The Island’s Family to Family holiday meal distribution program began as a sweet little community idea eight years ago, program coordinator Betty Burton recalled this week. Now it’s a critical part of feeding families at Thanksgiving and Christmas — and it’s broke, she said.
“Eight years ago, we got a donation of 40 turkeys from the Greater Boston Food Bank (GBFB),” said Ms. Burton who also runs the Serving Hands program, which distributes food monthly from the GBFB larder. “Unfortunately we had 60 clients at the time. How do you decide who gets the turkeys?”
So Family to Family was launched, calling on Island families to donate $25 to cover the cost of a Thanksgiving or Christmas turkey and fixings. So far, so good. “We even had a little money left over for a few years which we put away, just in case,” Ms. Burton said.
Then the economy tanked. “Thank God we saved that money,” Ms. Burton said, noting that 60 Island families in 2003 became 186 this holiday season. In the meantime the program vacuumed up all the rainy day funds.
“To continue the program, we need an increase in the level of donations from the Island community,” Ms. Burton said. While many Island families continue to donate generously, with a few donors feeding as many as 40 families at Thanksgiving and Christmas, the funds received have been outstripped by demand. The dual-holiday distribution now costs $5,000 per event and the cost of a meal basket has risen to $28 or $29, she said.
“The bottom line is that we are getting fewer donations this year and our need is up,” Ms. Burton said. We really need to break even to keep this very necessary program going. The folks that come in for the Thanksgiving and Christmas baskets are in great need. Often their refrigerators are almost empty, so not only does this supply a holiday meal but, in fact, it puts food in their refrigerators,” she said.
Family to Family is completely community supported through donations of cash and food and help from the Vineyard Committee on Hunger and The Center for Living. Ms. Burton was quick to point out that Island businesses have stepped up to the plate, so to speak, including Reliable Market, which offers a co-op buying discount and Island food producers such as Grey Barn, Whippoorwill, and Morning Glory farms and the Vineyard Gleaners, with fresh vegetables.
As a grassroots program, without affiliation to government or state support, Ms. Burton is aware that Family to Family does not have the public awareness, history or the size of The Island Food Pantry which is also completely supported by the community, or of Meals on Wheels and the monthly Serving Hands food programs, which both source food from the GBFB.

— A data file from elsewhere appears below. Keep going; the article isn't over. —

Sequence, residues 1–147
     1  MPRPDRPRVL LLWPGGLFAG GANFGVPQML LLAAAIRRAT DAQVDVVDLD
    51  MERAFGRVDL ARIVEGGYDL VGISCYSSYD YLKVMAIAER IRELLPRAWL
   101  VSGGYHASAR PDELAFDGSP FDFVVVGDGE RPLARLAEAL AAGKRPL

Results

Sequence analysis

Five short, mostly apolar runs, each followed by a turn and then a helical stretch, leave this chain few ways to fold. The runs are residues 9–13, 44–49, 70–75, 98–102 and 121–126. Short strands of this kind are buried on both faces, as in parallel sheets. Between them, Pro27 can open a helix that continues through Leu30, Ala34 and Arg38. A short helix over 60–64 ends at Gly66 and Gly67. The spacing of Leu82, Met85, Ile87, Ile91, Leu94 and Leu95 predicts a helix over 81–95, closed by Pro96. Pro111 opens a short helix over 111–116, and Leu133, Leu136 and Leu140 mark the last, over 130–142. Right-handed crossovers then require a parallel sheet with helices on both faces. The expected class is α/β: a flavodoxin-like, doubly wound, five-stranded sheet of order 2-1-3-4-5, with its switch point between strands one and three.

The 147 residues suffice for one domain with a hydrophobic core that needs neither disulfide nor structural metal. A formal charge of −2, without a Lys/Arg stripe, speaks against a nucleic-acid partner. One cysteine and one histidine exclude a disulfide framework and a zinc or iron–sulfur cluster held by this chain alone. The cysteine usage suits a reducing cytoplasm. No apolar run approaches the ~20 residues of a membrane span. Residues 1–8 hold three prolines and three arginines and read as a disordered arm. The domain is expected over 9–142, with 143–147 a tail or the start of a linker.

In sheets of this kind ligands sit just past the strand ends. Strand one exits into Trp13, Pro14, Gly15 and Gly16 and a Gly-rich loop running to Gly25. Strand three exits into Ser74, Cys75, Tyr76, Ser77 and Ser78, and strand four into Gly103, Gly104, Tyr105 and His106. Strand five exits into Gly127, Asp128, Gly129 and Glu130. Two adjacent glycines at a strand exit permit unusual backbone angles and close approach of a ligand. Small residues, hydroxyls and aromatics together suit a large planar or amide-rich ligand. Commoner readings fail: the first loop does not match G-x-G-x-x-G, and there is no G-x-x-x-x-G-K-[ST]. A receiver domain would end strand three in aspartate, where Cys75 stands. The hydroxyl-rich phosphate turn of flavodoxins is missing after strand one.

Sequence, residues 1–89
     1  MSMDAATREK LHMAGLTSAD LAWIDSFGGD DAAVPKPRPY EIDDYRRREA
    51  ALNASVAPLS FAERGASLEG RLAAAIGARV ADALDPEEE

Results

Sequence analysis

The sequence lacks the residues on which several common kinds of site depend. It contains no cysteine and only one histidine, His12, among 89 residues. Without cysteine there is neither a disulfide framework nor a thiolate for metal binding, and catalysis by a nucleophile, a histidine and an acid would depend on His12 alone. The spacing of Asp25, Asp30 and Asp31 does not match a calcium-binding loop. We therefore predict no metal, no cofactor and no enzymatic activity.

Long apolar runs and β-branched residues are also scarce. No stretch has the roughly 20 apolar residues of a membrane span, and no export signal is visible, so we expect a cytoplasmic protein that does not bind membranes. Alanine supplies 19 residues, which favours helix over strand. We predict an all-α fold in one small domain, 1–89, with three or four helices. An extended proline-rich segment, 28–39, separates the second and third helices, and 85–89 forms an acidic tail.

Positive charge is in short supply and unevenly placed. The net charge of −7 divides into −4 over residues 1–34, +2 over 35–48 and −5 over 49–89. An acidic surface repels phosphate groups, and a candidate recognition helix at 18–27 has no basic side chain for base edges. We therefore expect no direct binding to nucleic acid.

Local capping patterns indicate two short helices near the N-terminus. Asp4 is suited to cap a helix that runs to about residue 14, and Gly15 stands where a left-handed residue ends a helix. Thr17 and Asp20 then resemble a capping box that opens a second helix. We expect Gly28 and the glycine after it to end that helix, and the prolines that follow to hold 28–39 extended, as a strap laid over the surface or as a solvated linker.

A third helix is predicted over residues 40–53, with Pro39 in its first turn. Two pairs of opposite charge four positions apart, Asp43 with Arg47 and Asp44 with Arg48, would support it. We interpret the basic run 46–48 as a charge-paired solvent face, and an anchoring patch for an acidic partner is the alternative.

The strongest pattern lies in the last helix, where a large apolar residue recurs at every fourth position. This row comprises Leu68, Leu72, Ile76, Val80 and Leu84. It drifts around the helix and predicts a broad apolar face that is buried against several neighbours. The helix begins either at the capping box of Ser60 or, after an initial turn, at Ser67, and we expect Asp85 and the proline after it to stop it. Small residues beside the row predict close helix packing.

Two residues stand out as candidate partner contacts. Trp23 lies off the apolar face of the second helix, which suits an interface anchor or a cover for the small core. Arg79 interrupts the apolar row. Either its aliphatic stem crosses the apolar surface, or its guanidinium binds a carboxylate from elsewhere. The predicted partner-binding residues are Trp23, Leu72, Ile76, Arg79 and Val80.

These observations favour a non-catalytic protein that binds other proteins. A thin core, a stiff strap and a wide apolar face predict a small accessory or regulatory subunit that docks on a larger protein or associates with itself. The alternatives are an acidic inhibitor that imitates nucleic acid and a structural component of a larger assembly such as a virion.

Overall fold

“Everyone knows about The Red Stocking Fund, for example,” Ms. Burton said. “Family to Family goes hand in hand with it but we haven’t been around as long. Our distribution is not just a meal, but also provides food for refrigerators during the holiday season. I’d say 100 percent of our clients also go to The Food Pantry. This is something extra.”
And while Family to Family may be the most fragile of Island food support programs for those reasons, its empty treasury may be a harbinger of things to come, both on the Island and nationally. A veteran of Food Pantry volunteering and the administrator of Serving Hands, Ms. Burton has a clear view of what’s coming as a result of Congress’s recent budget-balancing which reduced food aid programs as part of its fiscally righteous posturing.
“Tim Madden, our state representative, was here volunteering last week, filling those bags, and he mentioned that even Nantucket has initiated a food distribution program,” she said.
“We’ve had more people than ever before for Thanksgiving and Christmas for Family to Family distributions,” Ms. Burton said. “Serving Hands receives a once a month food shipment for distribution from the Greater Boston Food Bank, which is looking at cuts of 70 percent in January.
The Mass. Emergency Food Program is supported by the U.S. Drug Administration (USDA) and 70 percent of that is going away.”
Indeed, national news stories on food support programs since the budget-balancing cuts were announced are full of alarms about the country’s ability to feed a growing number of Americans – estimated at 14 percent of the population. An estimated 24 percent of U.S. families now receive some form of food support.
The numbers are swelled by an increasing number of middle-class families. “These are people with master’s degrees whose jobs have been taken away. These are people who on paper have done everything right,” said one New York state food distribution agent, noting that support for providing food is being put on communities.
For Family to Family, at least, the burden is manageable. The cost of an average stocking stuffer gift from the average Island family would fund the program for 400 Island residents. And as the ever-pragmatic Ms. Burton said, “We don’t pay our bills until January so there is still plenty of time to contribute.”
To donate to the Family to Family Program, send a check made out to the Vineyard Committee on Hunger (VCOH), Box 4685, Vineyard Haven, MA 02568 and note that it is to be used for the Family to Family Program.